Through funding from the National Science Foundation, a partnership between the University of Nebraska-Lincoln Material Research Science and Engineering Center (MRSEC) and Tuskegee University is one of eight recipients of the NSF’s newest Partnerships for Research and Education in Materials (PREM) grants.
The six-year, $3.9 million grant from NSF’s Division of Materials Research is intended to help expand collaborations between minority-serving institutions and leading research facilities across the U.S. The PREM partnerships will also provide opportunities for both institutions to recruit, retain and graduate underrepresented minorities in materials fields.
Tuskegee's Vijaya Rangari, professor of materials science and engineering, is the project PI. MRSEC director Evgeny Tsymbal, professor of physics, is the Nebraska PI.
Jeff Shield, department chair and Robert W. Brightfelt professor of mechanical and materials engineering, serves as co-PI and coordinated the effort with Tuskegee to develop research collaborations and outreach programs. Several other MRSEC-affiliated faculty will be involved in collaborative research with their Tuskegee counterparts.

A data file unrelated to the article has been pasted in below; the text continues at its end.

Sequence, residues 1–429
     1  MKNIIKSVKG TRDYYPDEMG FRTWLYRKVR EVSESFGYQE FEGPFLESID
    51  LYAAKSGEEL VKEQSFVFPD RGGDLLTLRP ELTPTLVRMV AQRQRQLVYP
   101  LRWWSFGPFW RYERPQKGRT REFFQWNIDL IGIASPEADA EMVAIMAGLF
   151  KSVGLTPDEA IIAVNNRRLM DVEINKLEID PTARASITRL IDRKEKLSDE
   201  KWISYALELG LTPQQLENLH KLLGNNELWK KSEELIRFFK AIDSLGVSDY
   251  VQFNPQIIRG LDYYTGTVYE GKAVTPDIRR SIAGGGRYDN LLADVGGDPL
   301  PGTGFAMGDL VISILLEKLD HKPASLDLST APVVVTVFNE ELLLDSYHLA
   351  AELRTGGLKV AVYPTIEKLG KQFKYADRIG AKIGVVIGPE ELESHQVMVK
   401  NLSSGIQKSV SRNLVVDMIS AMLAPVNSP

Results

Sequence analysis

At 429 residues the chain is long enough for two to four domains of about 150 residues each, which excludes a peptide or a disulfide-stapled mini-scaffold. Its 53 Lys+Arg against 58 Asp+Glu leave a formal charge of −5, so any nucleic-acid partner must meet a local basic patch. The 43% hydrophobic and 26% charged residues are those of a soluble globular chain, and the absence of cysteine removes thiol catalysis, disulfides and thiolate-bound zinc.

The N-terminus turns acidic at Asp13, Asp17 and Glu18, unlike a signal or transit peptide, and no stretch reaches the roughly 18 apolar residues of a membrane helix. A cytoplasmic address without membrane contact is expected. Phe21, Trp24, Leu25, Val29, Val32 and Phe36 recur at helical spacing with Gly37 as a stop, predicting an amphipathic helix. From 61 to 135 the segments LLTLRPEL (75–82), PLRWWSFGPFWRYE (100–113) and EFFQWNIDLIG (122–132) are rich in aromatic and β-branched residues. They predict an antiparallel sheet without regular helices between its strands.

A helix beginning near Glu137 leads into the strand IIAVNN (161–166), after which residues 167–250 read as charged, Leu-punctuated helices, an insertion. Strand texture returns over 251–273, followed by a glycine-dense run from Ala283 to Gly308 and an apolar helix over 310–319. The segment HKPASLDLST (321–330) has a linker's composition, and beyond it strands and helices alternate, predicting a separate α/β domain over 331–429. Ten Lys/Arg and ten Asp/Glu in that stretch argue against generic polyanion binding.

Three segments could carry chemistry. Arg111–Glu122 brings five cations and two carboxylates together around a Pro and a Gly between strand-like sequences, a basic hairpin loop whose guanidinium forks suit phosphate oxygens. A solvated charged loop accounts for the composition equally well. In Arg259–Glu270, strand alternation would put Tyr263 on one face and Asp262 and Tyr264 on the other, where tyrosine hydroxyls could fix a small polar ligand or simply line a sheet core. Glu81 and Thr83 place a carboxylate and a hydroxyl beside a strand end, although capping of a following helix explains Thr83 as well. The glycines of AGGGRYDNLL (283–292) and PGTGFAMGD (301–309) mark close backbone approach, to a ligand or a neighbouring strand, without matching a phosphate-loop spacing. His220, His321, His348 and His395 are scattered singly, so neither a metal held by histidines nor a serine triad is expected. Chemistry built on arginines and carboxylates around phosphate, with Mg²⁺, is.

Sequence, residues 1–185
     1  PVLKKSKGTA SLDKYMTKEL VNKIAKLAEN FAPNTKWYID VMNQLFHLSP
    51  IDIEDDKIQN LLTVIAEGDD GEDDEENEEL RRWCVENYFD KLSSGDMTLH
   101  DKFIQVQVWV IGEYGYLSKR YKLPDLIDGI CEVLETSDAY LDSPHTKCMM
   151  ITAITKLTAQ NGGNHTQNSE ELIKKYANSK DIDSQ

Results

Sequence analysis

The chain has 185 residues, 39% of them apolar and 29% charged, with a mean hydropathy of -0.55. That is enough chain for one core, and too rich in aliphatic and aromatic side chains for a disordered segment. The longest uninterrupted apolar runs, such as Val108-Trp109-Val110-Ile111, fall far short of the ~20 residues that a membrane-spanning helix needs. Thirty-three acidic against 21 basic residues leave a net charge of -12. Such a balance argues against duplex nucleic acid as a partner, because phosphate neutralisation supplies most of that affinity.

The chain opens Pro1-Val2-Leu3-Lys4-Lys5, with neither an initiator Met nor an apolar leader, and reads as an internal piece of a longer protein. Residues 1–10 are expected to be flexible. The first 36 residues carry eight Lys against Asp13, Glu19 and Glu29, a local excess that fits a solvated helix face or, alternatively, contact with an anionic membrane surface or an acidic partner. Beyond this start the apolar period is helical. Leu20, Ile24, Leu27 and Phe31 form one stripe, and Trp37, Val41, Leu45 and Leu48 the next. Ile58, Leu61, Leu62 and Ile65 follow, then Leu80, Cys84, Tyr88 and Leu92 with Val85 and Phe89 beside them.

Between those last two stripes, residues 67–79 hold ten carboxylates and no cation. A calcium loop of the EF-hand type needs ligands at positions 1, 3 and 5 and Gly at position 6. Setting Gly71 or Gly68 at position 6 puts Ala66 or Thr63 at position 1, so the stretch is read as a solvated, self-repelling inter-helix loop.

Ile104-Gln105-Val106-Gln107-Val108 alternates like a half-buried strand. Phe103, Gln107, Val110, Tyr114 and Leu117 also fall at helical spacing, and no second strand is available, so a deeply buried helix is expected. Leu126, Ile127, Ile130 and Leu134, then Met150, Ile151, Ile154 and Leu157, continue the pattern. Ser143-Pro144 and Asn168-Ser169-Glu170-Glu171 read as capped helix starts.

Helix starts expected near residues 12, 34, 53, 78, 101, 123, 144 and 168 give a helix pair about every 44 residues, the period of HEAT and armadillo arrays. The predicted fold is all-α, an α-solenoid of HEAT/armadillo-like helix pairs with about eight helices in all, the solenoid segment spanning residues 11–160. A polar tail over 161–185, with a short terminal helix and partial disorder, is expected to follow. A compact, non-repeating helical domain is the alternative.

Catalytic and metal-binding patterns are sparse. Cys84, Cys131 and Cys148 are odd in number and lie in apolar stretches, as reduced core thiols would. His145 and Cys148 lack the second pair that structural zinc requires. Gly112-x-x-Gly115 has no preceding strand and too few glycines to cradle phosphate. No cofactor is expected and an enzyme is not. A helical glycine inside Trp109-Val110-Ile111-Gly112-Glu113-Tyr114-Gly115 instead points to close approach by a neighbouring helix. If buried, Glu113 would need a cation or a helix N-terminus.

Shield said this project will help the university and the College of Engineering increase opportunities for underrepresented groups and further his department’s work in this area.
This past summer, Mechanical and Materials Engineering faculty hosted the Advanced Manufacturing Summer Institute, where students from Tribal Colleges and Universities across the U.S. came to Lincoln to learn more about engineering.
“In both of these projects, we’re investing our time, energy and, in some cases, money to provide opportunities,” Shield said. “Ultimately, it would be nice to recruit some of Tuskegee’s undergraduates to come here to pursue graduate degrees, but the goal is to open up these fields to groups of students that might not otherwise have these options.”
The project’s materials research, Shield said, will be focused on developing newer classes of materials such as multiferroic polymer nanocomposites that would enhance energy harvesting, data storage and memory, sensors and microelectronic devices.
Shield sees the relationship between the MRSEC and Tuskegee as being quite complementary.
“There are things that both institutions have to offer the other. Tuskegee has a long history of working in polymer composites, and we at Nebraska have an expertise in multiferroic materials,” Shield said. “This is an opportunity for faculty and students from both institutions to expand their horizons, build connections and develop materials that will have a real impact.”
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